Excuses for heavy-handed TAFE sackings don’t hold up

Last week’s wholesale sackings of TAFE leaders is just another chapter in the chaotic story of the vocational reforms. AAP Image/Joe Castro

On the eve of Good Friday, in apparent attempt to bury a bad news story, the Victorian government sacked seven of the chairs of its 14 standalone TAFEs and two more were to “retire”.

These sackings came as no surprise. In October last year, Victoria’s Coalition government shepherded through Parliament amendments to the Education and Training Reform Act which severely circumscribed the powers of TAFE governing boards and gave the minister the power to hire and fire chairs and board members.

Under previous arrangements, TAFE chairs were selected by the board members, half of whom were appointed on the recommendation of the skills minister.

As you would expect, the Victorian Labor opposition has roundly condemned the sackings, describing them as political payback for the outspoken criticism by the Victorian TAFE sector of last year’s dramatic cuts to TAFE funding, in favour of private VET providers.

But the irony is that in 2010 the then government, and now opposition, proposed more or less the same powers to hire and fire. Peter Hall, then opposition spokesperson, now higher education minister, said in 2010:

This is an unnecessary grab for power… The minister suggested there needed to be more lines of accountability because these institutes are engaging in commercial activities and as they receive significant funding from the taxpayer they need to be accountable to the taxpayer. They are already accountable, and they are already engaging in significant commercial activity.

But now Peter Hall says that this “grab for power” is necessary to make TAFE more “commercially oriented”, in line with the recommendations of the Report of the TAFE Reform Panel.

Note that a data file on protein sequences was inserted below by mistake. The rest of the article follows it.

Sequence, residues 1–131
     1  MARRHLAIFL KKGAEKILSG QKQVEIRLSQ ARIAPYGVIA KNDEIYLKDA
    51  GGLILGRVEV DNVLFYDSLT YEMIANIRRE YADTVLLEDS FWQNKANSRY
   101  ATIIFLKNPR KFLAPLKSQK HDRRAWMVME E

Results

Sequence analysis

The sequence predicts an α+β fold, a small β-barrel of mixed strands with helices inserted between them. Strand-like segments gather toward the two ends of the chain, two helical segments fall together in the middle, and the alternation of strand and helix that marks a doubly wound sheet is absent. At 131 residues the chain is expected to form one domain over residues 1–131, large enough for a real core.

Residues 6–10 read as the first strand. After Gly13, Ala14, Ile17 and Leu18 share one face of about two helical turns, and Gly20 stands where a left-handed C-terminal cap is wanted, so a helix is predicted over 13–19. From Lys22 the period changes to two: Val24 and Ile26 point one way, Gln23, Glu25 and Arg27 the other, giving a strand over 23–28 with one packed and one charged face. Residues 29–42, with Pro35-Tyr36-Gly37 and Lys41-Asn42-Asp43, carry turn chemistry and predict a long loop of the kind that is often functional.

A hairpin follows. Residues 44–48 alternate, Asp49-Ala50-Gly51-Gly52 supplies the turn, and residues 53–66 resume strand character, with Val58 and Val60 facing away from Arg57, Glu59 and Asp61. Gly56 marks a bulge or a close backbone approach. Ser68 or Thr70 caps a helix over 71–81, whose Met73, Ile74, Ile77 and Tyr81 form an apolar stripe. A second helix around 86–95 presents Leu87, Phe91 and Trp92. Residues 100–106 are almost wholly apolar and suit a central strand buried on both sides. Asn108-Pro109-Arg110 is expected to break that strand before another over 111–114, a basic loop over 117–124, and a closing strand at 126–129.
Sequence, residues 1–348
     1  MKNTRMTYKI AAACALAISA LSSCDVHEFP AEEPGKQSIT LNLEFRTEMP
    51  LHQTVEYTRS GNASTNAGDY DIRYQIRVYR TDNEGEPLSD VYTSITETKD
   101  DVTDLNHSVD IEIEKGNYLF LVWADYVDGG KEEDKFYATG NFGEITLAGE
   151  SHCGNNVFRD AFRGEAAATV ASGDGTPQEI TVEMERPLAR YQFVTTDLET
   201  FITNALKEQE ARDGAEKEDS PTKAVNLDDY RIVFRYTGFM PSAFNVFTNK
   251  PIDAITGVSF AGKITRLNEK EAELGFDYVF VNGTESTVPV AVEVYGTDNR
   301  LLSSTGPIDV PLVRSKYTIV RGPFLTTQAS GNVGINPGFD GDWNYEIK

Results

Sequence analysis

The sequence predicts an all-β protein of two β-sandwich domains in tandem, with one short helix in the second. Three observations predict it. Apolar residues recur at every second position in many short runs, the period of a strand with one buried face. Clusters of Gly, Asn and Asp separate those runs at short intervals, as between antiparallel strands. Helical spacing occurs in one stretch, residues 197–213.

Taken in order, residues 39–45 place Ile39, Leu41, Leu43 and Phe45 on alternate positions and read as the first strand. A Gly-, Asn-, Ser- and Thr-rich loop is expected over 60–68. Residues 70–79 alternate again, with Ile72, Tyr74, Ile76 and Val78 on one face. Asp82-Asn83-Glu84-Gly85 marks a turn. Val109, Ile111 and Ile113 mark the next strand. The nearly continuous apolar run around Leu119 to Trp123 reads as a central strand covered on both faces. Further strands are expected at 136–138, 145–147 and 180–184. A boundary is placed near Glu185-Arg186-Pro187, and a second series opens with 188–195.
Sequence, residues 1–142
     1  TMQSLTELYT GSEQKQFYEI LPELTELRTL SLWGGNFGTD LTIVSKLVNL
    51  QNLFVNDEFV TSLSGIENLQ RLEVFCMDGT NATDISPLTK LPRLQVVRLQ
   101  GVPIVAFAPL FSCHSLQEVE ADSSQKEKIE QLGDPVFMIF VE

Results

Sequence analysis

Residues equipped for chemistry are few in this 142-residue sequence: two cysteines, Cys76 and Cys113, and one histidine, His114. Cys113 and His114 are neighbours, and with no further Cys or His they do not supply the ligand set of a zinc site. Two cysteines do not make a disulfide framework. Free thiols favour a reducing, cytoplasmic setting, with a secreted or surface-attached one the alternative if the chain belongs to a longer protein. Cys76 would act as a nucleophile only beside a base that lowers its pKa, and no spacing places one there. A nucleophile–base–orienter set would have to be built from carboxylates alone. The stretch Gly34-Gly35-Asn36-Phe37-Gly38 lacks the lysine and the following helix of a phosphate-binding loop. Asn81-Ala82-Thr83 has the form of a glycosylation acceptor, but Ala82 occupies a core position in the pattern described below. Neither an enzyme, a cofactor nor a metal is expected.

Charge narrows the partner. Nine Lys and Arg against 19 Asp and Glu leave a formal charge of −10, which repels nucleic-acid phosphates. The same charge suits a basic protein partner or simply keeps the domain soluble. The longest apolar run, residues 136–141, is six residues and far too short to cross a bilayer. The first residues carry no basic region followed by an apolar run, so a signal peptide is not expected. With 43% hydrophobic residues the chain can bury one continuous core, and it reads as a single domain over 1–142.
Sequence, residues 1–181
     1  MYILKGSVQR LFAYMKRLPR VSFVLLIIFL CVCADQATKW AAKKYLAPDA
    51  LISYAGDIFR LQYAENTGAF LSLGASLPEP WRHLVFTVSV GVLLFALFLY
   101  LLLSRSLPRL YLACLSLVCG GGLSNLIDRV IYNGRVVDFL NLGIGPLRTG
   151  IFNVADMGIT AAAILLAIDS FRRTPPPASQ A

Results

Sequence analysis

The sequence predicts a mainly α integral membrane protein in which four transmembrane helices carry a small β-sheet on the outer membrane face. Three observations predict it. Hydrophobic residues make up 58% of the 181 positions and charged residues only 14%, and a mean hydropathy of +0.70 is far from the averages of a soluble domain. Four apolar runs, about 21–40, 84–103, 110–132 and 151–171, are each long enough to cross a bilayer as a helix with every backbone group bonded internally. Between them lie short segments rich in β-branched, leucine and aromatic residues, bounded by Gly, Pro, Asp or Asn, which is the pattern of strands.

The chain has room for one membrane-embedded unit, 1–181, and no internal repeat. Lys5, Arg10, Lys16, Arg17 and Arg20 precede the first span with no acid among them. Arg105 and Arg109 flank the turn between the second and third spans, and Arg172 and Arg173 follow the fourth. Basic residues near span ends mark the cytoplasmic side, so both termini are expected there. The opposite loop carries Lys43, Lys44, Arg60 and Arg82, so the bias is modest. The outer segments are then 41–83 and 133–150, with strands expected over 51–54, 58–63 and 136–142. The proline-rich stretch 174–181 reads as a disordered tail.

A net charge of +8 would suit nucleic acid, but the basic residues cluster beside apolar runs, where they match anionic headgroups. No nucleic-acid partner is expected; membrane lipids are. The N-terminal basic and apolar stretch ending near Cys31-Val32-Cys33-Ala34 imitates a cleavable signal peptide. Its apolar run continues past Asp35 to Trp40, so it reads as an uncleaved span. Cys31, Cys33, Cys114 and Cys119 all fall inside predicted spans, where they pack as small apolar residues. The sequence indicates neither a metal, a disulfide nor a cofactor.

Well, the panel did advise a number of measures to make TAFE more “commercially oriented” but nowhere did it recommend wholesale board sackings.

While the government hasn’t given reasons for the sackings, one can reasonably assume that the chairs were dispatched because of a perceived lack of business expertise.

Peter Hall obviously has very high expectations.

Jonathon Forster, who Hall sacked as Holmesglen’s chair, is the founder and now executive chair of Kane Constructions, a company with an annual turnover of $500 million, 285 full time employees and which operates throughout the east coast of Australia and overseas.

And in his own seat covering the La Trobe Valley, Hall has sacked David Gittins as chair of GippsTAFE. Gittins is just the managing director of the Valley’s biggest car dealership and has a background in community service (he was, for example, the founding chairman of Life Education for Doncaster Templestowe in 1989-1992).

The government might have justified the sackings on the basis that the institutions themselves have somehow failed to realise commercial opportunities and have been poorly governed and managed.